Coronavirus: Inter-state travellers responsible for COVID-19 spread, says Karnataka minister K Sudhakar
Sudhakar, in-charge of Karnataka vis-a-vis COVID-19 management, said the spurt in cases was bound to happen, but said the government's "vigilant approach" has slowed down the spread of the virus.
Bengaluru: With Bengaluru witnessing a sharp increase in COVID-19 cases in the past few days, the Karnataka government holds inter-state travellers responsible for the spurt in infections, saying those from hotspot states like Maharashtra could have brought the infection.
State minister for medical education K Sudhakar said there was no community transmission of the pandemic, adding if it were to be the case, the number of infections would be running into 'lakhs.'
Sudhakar, in-charge of Karnataka vis-a-vis COVID-19 management, said the spurt in cases was bound to happen, but said the government's "vigilant approach" has slowed down the spread of the virus by two months in this city.
The state capital has so far reported 29,621 positive cases, including 6,540 discharges and 631 deaths.
According to Sudhakar, when the lockdown was eased, people from various parts of the country, including high prevalence states of Maharashtra, Andhra Pradesh and Telangana, came to Karnataka.
"As you know, Bengaluru is a cosmopolitan city. So, from every nook and corner people came here. When they came, they were not mindful of what they were supposed to do (health precautions, apparently) and they spread the infection," he charged.
The surge in coronavirus cases, according to Sudhakar, was bound to happen in every city and every state because of the global phenomenon of the disease.
However, the government has delayed it by another two months compared to other states as it was "vigilant," he said.
"I am not washing away the government's role. The government can do every bit to contain, to treat them, but citizens should cooperate. Society should actively come forward in controlling this pandemic," he pointed out.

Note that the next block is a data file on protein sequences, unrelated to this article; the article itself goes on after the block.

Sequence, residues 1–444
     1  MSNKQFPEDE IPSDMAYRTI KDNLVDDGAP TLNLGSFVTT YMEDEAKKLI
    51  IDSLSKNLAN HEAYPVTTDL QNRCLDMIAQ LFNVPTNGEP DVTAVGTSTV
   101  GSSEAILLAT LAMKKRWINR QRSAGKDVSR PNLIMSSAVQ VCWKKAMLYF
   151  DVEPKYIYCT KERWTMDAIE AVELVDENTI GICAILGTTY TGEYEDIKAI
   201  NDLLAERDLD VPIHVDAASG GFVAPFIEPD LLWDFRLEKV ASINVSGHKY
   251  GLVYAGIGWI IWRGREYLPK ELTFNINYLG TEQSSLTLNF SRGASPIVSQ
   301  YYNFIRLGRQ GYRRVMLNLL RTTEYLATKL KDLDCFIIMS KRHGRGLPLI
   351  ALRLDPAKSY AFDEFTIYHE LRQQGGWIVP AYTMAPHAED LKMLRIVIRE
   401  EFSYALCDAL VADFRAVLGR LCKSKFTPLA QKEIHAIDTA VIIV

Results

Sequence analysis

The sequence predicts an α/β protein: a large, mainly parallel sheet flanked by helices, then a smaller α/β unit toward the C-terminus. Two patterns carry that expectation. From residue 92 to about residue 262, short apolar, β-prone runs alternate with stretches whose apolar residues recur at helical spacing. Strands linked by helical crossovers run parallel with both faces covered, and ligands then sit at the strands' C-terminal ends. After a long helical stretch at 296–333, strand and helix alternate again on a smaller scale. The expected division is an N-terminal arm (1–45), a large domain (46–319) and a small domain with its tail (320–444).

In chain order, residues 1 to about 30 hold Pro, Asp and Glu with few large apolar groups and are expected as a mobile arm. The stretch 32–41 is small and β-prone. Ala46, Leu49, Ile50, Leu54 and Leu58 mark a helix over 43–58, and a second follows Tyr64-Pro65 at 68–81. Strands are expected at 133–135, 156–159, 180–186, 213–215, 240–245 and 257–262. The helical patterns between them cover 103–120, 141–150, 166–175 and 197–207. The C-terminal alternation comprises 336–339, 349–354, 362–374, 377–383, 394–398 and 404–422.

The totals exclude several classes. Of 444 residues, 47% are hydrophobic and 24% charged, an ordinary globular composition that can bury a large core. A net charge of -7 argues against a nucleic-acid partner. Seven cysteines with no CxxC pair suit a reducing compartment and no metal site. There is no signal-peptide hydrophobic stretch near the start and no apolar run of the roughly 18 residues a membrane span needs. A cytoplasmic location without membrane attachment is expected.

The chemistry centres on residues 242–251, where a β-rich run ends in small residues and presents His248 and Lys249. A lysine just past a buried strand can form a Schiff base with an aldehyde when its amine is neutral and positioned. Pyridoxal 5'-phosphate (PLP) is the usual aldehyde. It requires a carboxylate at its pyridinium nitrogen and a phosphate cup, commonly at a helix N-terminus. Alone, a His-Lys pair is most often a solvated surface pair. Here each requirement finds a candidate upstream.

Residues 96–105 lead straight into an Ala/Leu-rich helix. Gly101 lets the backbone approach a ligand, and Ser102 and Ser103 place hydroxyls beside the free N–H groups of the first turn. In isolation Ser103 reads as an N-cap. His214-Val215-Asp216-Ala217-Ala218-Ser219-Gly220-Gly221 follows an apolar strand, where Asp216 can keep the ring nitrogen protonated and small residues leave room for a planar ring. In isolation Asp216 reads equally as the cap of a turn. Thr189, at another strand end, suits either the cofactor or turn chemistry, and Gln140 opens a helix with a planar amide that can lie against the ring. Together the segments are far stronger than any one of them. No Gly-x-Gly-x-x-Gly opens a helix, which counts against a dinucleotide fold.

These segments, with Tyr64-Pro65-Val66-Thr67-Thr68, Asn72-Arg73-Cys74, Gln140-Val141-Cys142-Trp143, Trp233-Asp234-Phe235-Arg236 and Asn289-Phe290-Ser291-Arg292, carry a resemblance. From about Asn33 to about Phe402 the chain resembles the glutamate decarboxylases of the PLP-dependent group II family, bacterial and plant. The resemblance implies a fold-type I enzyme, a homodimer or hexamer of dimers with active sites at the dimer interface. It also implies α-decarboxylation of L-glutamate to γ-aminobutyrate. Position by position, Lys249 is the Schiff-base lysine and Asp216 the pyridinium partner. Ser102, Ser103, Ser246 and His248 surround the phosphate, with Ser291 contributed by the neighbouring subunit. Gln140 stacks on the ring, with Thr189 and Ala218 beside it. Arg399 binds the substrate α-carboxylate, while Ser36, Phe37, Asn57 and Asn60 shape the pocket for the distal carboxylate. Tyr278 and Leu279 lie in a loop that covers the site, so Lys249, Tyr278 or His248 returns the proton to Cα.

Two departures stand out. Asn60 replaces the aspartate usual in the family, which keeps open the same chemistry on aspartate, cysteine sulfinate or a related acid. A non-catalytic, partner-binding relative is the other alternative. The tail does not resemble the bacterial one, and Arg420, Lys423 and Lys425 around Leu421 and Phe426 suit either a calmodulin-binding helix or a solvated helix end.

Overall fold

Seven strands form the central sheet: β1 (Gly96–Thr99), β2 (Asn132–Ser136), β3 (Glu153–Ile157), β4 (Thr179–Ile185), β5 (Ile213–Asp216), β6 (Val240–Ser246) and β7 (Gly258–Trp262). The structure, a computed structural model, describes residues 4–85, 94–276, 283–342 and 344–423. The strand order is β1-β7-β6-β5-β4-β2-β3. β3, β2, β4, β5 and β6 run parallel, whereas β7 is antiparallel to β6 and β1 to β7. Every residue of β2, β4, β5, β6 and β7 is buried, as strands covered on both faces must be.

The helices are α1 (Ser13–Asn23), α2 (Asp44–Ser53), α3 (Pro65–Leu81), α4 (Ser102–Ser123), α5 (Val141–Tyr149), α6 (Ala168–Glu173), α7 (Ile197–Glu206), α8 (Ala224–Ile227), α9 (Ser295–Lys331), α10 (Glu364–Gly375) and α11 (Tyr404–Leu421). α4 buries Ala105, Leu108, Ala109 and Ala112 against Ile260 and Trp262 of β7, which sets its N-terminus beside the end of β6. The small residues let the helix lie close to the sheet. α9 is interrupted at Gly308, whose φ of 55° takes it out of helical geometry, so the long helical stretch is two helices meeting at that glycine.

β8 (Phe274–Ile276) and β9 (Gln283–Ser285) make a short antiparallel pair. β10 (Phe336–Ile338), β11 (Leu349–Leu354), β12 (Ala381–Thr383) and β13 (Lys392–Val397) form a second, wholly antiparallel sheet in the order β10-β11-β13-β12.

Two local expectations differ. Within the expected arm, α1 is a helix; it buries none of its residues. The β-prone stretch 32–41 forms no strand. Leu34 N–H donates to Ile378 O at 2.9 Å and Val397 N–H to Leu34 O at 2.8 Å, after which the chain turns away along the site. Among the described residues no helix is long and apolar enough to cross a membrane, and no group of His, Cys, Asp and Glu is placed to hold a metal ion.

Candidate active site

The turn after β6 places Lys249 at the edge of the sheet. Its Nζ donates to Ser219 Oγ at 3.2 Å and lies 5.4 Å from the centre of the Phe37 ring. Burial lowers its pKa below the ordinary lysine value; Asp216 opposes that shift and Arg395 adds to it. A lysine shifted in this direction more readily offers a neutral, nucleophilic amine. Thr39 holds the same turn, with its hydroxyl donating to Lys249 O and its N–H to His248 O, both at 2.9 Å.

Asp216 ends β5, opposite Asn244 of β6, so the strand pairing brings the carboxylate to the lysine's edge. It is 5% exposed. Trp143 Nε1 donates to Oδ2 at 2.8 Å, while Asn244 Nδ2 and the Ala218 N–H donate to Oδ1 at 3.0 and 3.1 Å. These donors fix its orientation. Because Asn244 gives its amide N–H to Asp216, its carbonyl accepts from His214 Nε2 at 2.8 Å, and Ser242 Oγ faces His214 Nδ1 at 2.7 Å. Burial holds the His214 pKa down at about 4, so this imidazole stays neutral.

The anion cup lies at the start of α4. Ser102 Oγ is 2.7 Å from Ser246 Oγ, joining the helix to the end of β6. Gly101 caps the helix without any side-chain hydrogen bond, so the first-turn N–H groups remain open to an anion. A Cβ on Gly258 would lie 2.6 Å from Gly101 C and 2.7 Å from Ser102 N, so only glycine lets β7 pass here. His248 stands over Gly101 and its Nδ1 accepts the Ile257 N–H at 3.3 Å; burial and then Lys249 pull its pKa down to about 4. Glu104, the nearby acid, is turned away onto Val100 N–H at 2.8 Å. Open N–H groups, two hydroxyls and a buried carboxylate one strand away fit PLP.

The minister ruled out community spread of the disease in Bengaluru though the city is witnessing a massive scale-up in cases.
Sudhakar maintained that he cannot say that there was a community spread unless there was proper research.
"If that was the case (community spread), it would not have been in thousands, it would have been in lakhs," Sudhakar said.
The spread is still in the first and second levels, and "the third level of the community spread can be prevented with government's proactiveness and mindful conduct of the citizens," he added.
Speaking about the measures taken by the government, Sudhakar said 8,134 local polling booth level task force committees have been constituted, which will play an important role along with the officers of various agencies.
He added that the administration was trying to prevent its spread at the micro level, even as testing of samples has been ramped.
While the government has clamped a lockdown till July 22 to curb the spread of the virus, it will take up various key measures like door-to-door survey, even as citizens venturing out during this time without valid reason is a strict no-no.
By strictly implementing the curbs, the government hopes to break the virus chain.
To a question, the minister ruled out any shortage of life saving drugs related to coronavirus treatment.
"There is no such shortage. We have enough and more. We have ordered more. Absolutely there is no dearth of medicines," he added.